A collection of reporting from Pulitzer Center grantees featuring international news stories published by media outlets from around the world, as well as reporting original to the Pulitzer Center website.
To improve security in remote parts of the Bastar region, the goverment has sponsored civilian militia as part of Salwa Judum. Known as Special Police Officers, they are free to roam villages armed yet largely unchecked by the state.
The Bastar region is home to a number of indigenous tribes, many of which continue to live in nature as they have for centuries. Since the start of Salwa Judum thousands have been forcibly relocated to government-run camps.
Reporter Ruthie Ackerman and photographer Andre Lamberston travel from Staten Island to Liberia, exploring the challenges faced by youth in post-war Liberia and those who've arrived on American soil.
Lung Lawn walked for 17 nights to get here, through heavily mined forests, past Burmese military battalions and over the mountainous battlefields where rebel guerillas ambush them.
The new moon of December is approaching, and he's come to celebrate the New Year of his people; the Shan, Burma's largest ethnic minority. He's 46 years old — as old as the military government's iron-fisted rule over Burma, and as old as his people's armed resistance against it.
To smooth over a nerve-wracking encounter with their village militia, the Naxalite cadres went on a hospitality offensive. An additional four hours' trek into the dense mountain jungle ended at one of their many camps situated on a high plateau where we were welcomed as their "honored guests". Ploughed fields and a vegetable garden were tended by a tribal family living on site, who welcomed our group with a mashed corn drink served in hollow gourds. Their faces bore none of the resignation common to the displaced I had met in the roadside camps.
I spent almost all day among the Nahr al Bared refugees who are staying in temporary shelter in schools and community buildings at Baddawi camp in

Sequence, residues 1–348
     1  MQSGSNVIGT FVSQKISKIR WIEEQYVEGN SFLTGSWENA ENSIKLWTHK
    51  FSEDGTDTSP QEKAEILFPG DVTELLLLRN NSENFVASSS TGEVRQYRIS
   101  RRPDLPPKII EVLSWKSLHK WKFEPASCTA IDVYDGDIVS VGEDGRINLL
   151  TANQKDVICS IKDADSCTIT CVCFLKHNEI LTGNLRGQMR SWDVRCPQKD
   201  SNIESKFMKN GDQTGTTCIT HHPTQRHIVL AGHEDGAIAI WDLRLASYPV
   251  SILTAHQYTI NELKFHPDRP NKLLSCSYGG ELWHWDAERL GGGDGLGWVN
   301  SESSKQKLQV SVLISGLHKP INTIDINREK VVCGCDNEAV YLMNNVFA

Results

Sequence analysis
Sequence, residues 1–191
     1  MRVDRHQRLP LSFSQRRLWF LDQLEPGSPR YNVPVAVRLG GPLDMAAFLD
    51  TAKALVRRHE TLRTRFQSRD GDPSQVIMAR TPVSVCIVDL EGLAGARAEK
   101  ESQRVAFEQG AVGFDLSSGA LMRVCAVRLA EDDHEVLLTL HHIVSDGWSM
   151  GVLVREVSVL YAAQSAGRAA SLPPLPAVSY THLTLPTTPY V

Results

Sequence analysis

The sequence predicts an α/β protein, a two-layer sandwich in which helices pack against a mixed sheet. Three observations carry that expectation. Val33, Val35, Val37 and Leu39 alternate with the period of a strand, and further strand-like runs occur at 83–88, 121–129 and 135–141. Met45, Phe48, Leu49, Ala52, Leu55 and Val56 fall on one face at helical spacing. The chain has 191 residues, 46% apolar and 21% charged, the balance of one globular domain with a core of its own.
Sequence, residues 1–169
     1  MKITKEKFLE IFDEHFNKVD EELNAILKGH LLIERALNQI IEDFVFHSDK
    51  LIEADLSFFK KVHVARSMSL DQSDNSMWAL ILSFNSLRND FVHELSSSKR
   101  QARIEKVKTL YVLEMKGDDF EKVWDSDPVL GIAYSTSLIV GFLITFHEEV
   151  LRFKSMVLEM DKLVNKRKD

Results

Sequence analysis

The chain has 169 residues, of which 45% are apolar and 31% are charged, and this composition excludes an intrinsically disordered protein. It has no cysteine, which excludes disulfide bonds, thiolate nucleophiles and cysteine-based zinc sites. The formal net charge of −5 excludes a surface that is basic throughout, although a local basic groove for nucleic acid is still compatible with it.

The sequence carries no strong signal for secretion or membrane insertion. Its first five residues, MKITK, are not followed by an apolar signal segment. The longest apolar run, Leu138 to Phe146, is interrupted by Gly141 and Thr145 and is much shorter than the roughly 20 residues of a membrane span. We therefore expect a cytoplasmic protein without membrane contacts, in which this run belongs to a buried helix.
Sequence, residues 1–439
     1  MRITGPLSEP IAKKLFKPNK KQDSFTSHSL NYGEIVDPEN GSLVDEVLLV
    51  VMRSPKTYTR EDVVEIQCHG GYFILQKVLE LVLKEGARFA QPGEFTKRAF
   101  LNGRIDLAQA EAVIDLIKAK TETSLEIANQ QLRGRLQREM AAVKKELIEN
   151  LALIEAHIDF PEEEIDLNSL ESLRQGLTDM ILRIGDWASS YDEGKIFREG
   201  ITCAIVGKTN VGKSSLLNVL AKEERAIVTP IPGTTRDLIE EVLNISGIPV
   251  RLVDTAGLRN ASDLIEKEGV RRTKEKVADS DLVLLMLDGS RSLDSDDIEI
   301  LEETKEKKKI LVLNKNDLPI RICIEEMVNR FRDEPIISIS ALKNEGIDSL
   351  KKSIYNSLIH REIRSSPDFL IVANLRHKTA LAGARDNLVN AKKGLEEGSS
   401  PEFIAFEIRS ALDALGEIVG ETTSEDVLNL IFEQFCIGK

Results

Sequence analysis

Beddawi is the closest Palestinian camp to Nahr al Bared and so received many of the refugees fleeing the conflict when it broke out in May.
As the world's hunger for meat increases because of expanding middle classes and changing tastes, feeding the animals to feed that hunger is having a significant impact on our planet's agriculture - nowhere more so than Latin America where forests are giving way to soybean empires.
Paraguay is the world's fastest growing soy producer; its eastern region - 2 ½ million hectares of it - is devoted to the crop that has brought wealth and development to one of the poorest countries in South American.
The international press made big bones of the fact that the world's powers, gathered in Paris yesterday, pledged almost $2bn more for the creation of a Palestinian state than the Palestinians had requested or indeed expected.
All summer, the conflict at Nahr al Bared between the Lebanese Army and the Islamic militants Fatah al Islam raged on. And while reminders of the ongoing fight showed up across the country on roadside banners of support for the Army and in the almost daily press updates and soldier body counts, in Beirut – where I was based – the trouble felt very remote – it was happening "up there," meaning the city of Tripoli 85km north.